Trends in Atmospheric Transmission at Three Locations in the United States from 1940 to 1977

Douglas V. Hoyt Cooperative Institute for Research on Environmental Sciences, Boulder, CO 80303

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Charles P. Turner Rhinelander, WI 54501

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Robert D. Evans Cooperative Institute for Research on Environmental Sciences, Boulder, CO 80303

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Abstract

The pyrheliometric measurements at three locations in the United States axe examined to determine if there are trends in atmospheric transmission. Although the radiation values at Madison are depressed in the 1940's because of local pollution, there is no strong evidence of other man-made aerosol pollution at Madison, Albuquerque or Blue Hill. Collectively, there is a suggestion of increased aerosol pollution for the three stations, but the decrease in atmospheric transmission is rather small and confined to the urban areas where the measurements are made. The detected trends, if real, are too small to be important to climate on a regional or global scale because the estimated growth rate is ∼0.05% per year. There is evidence for the eruptions of Agung, Awu and Fuego in the radiation records. The eruption of Agung increases the optical depth by ∼0.035 several months after its eruption. By 1965 the atmospheric transmission returned to normal. The Lamb dust veil index in the Northern Hemisphere for these three eruptions is estimated to be 250. 85 and 165, respectively.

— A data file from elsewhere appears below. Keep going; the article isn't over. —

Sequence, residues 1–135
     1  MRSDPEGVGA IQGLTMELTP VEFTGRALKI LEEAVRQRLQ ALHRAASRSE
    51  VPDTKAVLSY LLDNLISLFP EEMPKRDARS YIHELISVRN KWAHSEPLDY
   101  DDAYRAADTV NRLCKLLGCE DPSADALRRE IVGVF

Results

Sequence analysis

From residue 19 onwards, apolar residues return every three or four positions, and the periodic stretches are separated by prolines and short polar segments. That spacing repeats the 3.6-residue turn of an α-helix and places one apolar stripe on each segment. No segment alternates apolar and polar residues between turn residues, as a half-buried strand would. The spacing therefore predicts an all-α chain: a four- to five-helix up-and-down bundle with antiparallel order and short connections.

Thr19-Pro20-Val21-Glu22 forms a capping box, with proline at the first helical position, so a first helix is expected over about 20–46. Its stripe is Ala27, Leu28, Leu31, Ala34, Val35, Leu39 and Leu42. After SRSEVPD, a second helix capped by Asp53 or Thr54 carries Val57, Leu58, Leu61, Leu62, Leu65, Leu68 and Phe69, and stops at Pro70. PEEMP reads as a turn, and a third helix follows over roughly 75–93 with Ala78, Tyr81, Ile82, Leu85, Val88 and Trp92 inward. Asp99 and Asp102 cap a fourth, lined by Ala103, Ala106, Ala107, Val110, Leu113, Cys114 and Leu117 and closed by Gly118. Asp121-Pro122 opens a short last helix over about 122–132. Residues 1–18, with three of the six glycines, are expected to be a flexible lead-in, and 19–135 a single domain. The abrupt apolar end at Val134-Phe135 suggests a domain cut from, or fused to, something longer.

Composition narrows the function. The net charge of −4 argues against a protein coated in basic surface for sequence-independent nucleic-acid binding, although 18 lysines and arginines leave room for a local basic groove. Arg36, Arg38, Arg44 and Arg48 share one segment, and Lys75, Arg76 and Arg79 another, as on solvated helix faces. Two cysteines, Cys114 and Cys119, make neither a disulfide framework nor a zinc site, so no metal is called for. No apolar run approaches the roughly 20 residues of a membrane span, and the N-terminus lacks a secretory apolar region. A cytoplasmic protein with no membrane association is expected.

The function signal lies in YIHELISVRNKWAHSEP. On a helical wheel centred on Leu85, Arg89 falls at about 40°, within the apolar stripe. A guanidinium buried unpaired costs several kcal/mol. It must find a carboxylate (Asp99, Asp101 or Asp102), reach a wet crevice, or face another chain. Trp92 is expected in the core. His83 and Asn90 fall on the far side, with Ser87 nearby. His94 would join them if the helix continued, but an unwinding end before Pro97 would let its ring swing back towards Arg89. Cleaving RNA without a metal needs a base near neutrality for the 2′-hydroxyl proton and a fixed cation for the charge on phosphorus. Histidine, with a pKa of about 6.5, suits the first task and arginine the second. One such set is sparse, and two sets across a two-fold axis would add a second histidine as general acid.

Abstract

The pyrheliometric measurements at three locations in the United States axe examined to determine if there are trends in atmospheric transmission. Although the radiation values at Madison are depressed in the 1940's because of local pollution, there is no strong evidence of other man-made aerosol pollution at Madison, Albuquerque or Blue Hill. Collectively, there is a suggestion of increased aerosol pollution for the three stations, but the decrease in atmospheric transmission is rather small and confined to the urban areas where the measurements are made. The detected trends, if real, are too small to be important to climate on a regional or global scale because the estimated growth rate is ∼0.05% per year. There is evidence for the eruptions of Agung, Awu and Fuego in the radiation records. The eruption of Agung increases the optical depth by ∼0.035 several months after its eruption. By 1965 the atmospheric transmission returned to normal. The Lamb dust veil index in the Northern Hemisphere for these three eruptions is estimated to be 250. 85 and 165, respectively.

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